Task force to examine Youth Advocate position
The Select Board voted at a meeting on January 27 to set up a task force examining proposed changes to the town’s Youth Advocate position, following impassioned pleas by community members to keep the role.
Dartmouth’s Youth Advocate works to support young people in vulnerable situations, such as abuse victims or those whose families are affected by issues like addiction, homelessness and poverty.
The position was formerly held by Jennifer Cabral. Although fully funded in the budget, it has not been filled since Cabral left in January 2019.
At issue are changes to the job description for the role to support families as well as youths.
Any new positions must be approved and funded at Town Meeting before the hiring process can begin. However, it is unclear if the changes to the job description constitute a new position.
According to Youth Commission Chair Jamie Jacquart, in its expanded role the Youth Advocate would provide stop-gap help, information, and outreach, act as a liaison, and connect families to outside agencies and resources for the long term.
Jacquart asked the Select Board to approve the job description so the Youth Commission could move forward with the hiring process. “Every single one of us is a heartbeat away from a crisis,” he said.
But Town Administrator Shawn MacInnes suggested the position was redundant, as there are outside programs with more resources that provide similar services, such as The Bridge center in Padanaram.
He noted that the position “did not appear to be well utilized.”
“The workload wasn’t there,” he said. “The school groups that were supposed to be established weren’t well attended...The demand frankly wasn’t very high.”
“It’s about providing the best services we can, and not being redundant,” he added.
However, educator Kathleen Simmons disagreed.
“I can tell you that this need is immediate,” she stated. “I work in the middle school...We have three guidance counsellors for over six hundred students. They can’t possibly meet the mental health needs of our early teens today.”
Simmons noted that the position may have been under utilized in the past due to a lack of communication and outreach. “I don’t think the community knows what is out there,” she said.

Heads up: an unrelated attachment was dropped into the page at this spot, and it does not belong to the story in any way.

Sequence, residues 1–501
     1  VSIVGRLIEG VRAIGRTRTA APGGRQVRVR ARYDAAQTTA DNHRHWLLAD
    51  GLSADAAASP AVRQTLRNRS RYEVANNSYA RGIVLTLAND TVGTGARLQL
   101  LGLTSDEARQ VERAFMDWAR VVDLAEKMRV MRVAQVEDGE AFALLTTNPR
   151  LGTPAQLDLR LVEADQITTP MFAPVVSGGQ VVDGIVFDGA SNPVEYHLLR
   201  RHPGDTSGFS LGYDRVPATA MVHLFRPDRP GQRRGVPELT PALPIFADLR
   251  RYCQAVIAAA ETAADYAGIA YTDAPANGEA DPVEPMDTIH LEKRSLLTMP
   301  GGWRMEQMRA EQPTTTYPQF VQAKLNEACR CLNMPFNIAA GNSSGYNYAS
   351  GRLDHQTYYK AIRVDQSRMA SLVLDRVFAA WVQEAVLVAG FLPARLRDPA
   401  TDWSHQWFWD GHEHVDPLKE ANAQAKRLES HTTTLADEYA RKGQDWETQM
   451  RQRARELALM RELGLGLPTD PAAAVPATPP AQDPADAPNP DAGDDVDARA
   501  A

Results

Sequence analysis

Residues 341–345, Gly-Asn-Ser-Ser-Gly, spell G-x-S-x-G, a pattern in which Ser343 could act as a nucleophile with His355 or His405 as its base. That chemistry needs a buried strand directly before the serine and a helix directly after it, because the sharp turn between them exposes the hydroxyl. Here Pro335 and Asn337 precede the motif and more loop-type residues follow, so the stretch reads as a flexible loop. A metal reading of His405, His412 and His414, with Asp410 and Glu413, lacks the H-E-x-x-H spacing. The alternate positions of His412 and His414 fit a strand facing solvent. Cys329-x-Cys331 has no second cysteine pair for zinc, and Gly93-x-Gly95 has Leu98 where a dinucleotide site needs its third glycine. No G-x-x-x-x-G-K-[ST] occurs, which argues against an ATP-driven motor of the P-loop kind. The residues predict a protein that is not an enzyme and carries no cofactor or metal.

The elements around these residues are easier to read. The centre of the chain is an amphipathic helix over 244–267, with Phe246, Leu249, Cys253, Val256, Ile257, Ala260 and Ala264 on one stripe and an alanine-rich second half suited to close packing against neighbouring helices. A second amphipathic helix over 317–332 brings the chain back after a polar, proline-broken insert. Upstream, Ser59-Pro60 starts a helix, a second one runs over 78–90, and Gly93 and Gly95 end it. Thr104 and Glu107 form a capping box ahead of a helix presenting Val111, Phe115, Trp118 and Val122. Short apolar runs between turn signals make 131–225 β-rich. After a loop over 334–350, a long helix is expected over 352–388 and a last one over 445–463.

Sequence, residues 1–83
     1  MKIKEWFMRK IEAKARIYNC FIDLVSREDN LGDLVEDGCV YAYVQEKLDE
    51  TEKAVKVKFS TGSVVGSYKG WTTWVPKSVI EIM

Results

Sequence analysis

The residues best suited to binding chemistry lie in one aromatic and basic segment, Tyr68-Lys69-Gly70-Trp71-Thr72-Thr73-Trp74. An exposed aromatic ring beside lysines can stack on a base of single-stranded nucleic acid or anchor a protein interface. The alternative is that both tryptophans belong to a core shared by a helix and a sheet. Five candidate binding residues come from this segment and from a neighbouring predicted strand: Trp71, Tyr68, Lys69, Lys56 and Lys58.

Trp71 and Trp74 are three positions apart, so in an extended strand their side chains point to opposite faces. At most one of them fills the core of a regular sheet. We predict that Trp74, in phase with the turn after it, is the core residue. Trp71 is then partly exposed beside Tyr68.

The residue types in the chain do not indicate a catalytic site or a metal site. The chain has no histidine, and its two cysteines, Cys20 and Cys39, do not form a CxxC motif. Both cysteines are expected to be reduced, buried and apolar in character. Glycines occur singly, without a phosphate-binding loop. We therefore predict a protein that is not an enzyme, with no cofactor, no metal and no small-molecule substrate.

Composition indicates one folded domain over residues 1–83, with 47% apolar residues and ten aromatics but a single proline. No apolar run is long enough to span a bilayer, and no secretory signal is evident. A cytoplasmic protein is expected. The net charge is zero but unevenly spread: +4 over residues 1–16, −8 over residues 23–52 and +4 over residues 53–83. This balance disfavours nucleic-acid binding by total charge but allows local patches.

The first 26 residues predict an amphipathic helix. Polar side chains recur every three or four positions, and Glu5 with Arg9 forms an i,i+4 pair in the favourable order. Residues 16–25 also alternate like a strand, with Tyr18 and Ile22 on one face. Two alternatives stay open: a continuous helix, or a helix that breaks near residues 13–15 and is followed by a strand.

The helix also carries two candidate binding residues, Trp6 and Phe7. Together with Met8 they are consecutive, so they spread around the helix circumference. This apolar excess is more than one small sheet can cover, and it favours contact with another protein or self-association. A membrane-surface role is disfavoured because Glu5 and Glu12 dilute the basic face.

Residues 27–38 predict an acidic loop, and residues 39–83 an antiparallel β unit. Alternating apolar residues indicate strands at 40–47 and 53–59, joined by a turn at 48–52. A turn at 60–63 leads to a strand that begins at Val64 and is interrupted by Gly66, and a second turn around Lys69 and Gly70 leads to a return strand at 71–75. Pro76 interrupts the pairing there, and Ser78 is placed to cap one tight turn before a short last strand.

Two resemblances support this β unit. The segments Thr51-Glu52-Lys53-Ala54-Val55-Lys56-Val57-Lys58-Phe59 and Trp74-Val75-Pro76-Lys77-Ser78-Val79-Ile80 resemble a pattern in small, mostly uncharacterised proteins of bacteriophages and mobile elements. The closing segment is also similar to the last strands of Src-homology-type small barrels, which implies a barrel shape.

“So I’m asking you tonight, make the decision to do what’s best for our young community children,” she finished. “You need to hire somebody.”
Other community members took to the podium to support hiring a new Youth Advocate as soon as possible.
Youth Commission member Jennifer Dutra read a letter from a 16-year-old girl in Dartmouth whose family struggles with addiction, and who found the Youth Advocate groups to be “safe spaces” where she could vent, exercise, eat, and make friends.
“When I heard that the group may no longer exist, my heart sank,” the letter read. “Not only for me, but for the children who are going through the same things that I went through. I honestly would not be the same person if I did not have that support system.”
Resident Kevin Kertscher noted that the position was “overwhelmingly” voted through at Town Meeting last June.
“And here we are nine months later, and we still don’t have a Youth Advocate,” he said. “I’m really concerned about the kids who have dropped through the cracks in the meantime.”
“It seems to me to be a desperate need,” said Select Board Chair Stanley Mickelson. “If we can’t save one kid tomorrow or the next day because we were trying to save 50 grand or 100 grand, then we’re in the wrong business.”
The task force will examine whether it is possible to change the Youth Advocate position description as requested without going to Town Meeting for approval.